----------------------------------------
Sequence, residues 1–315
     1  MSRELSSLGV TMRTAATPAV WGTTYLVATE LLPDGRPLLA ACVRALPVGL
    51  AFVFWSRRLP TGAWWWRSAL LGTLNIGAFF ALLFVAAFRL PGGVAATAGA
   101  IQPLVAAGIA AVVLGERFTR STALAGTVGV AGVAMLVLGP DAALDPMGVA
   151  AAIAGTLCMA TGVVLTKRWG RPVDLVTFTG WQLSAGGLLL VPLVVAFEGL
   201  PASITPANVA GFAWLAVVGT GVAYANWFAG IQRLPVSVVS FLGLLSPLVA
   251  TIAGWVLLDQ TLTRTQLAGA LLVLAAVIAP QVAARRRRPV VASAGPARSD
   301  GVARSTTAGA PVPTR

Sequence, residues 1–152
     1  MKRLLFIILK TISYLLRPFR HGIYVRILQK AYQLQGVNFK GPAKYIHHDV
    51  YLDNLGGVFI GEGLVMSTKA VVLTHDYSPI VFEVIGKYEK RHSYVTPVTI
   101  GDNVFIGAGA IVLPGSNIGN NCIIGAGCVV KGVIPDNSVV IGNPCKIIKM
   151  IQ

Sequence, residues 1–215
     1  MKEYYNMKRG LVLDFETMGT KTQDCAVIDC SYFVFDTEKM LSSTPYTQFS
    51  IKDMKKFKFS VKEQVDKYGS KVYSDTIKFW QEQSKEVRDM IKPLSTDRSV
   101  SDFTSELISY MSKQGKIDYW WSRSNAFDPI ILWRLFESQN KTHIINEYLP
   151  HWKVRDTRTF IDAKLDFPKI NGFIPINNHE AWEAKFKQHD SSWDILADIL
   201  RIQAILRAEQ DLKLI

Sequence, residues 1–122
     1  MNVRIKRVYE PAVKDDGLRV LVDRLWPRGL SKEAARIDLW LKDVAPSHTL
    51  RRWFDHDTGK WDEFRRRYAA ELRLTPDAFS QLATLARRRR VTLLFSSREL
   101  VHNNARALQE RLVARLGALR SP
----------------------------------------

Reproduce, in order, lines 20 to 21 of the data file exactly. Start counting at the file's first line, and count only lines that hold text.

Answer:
Sequence, residues 1–122
     1  MNVRIKRVYE PAVKDDGLRV LVDRLWPRGL SKEAARIDLW LKDVAPSHTL